Entrepreneurship has become increasingly common among women. The number of businesses owned by women grew at nearly four times the rate of men between 1997 and 2015, and this growth was driven almost entirely by women of color. Yet despite these gains, women-owned businesses still lag behind men. Previous research has shown that intellectual property rights are associated with greater success in raising start-up capital as well as increased market value, yet women-owned businesses are less likely to hold intellectual property and engage in research and development activities. Women owned businesses, for example, are only half as likely to hold a patent as men.

femchat post graphic

Recognizing the gender gap in innovation and its economic and social consequences, a number of programs across the country have been developed to address women’s underrepresentation. Among them, IWPR identified Improving Access for Women in Business and Innovation seven promising programs and conducted in-depth interviews with program leaders and participants to learn more about how they operated in different settings, served different audiences, and tackled the barriers women face from a variety of angles. The interviews highlighted the importance of education about patenting and commercialization, network building and mentorship, and working with stakeholders in local communities.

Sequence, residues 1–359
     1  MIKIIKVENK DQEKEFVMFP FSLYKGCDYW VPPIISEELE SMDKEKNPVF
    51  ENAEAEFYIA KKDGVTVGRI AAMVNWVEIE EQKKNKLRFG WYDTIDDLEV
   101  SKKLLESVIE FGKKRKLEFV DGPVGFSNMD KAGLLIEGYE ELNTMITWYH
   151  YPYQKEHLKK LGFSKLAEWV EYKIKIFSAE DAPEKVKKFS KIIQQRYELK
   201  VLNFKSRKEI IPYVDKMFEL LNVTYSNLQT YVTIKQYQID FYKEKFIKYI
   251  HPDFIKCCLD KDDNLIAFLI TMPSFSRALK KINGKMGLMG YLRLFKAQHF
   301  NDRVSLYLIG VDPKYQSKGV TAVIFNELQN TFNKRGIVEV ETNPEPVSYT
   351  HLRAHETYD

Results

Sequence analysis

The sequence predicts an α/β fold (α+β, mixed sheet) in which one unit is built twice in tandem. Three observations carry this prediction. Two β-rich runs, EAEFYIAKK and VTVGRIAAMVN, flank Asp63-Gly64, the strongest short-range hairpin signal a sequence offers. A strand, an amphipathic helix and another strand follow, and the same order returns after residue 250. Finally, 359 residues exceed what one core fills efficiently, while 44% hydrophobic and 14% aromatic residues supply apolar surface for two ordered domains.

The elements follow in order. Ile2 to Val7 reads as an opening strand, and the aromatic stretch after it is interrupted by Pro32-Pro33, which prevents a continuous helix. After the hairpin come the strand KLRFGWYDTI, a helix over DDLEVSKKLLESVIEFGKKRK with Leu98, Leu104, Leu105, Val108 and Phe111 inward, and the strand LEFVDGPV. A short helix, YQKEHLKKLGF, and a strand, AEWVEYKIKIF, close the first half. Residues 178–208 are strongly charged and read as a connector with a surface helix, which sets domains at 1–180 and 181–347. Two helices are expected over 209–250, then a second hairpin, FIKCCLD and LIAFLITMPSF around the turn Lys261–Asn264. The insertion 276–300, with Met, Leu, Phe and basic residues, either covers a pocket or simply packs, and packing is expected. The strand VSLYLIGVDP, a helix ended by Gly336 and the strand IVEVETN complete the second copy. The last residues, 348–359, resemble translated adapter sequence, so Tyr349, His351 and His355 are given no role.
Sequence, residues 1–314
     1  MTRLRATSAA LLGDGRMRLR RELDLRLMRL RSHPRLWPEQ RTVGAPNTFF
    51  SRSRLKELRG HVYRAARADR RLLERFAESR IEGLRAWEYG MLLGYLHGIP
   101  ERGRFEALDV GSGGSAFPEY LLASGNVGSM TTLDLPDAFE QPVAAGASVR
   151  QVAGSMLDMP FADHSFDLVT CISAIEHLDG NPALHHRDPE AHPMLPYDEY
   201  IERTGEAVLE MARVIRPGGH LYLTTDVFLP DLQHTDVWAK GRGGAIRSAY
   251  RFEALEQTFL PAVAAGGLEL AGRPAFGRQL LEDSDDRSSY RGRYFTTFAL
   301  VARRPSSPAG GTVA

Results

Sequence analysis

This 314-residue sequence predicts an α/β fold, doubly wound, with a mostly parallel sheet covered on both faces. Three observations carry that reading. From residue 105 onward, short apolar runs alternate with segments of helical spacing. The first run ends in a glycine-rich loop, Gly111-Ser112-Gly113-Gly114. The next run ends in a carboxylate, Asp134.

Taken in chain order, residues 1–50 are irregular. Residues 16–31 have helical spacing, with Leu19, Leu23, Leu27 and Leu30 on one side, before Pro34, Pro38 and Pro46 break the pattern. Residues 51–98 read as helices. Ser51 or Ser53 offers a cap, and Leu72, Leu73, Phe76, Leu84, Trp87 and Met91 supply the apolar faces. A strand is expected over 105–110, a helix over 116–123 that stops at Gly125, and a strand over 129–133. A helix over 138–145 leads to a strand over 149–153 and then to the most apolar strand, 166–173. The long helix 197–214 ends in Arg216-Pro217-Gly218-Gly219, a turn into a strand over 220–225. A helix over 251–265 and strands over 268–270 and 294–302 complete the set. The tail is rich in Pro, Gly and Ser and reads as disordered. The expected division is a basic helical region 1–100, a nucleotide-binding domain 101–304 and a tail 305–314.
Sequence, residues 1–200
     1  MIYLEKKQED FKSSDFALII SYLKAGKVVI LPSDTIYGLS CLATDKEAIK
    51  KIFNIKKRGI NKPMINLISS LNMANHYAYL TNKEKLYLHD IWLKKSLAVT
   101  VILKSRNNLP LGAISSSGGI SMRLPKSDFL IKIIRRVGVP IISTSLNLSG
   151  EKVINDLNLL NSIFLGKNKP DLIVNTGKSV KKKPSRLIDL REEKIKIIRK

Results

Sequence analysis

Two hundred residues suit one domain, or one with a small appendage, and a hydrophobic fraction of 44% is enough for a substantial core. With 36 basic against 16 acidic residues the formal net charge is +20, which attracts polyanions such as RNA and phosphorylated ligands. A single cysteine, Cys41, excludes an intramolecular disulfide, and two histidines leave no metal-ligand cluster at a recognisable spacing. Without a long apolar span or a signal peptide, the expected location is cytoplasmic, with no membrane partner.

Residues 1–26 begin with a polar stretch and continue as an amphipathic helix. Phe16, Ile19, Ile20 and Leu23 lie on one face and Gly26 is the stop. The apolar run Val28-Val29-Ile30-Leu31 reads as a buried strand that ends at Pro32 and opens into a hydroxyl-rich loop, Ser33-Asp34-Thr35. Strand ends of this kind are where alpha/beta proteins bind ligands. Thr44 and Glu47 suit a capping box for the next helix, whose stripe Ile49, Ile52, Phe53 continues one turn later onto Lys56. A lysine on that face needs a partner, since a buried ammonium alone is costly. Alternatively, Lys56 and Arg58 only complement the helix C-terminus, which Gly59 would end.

Both reports highlight the importance of promoting greater diversity in the innovative ecosystem. Diverse groups of people experience the world differently and encounter different challenges, and when those groups don’t have a seat at the table, problems can easily be overlooked, and the solutions developed may not work for everyone.

 

IWPR Recommends Thorough Assessment of DC’s Paid Sick Leave Law

By Caroline Dobuzinskis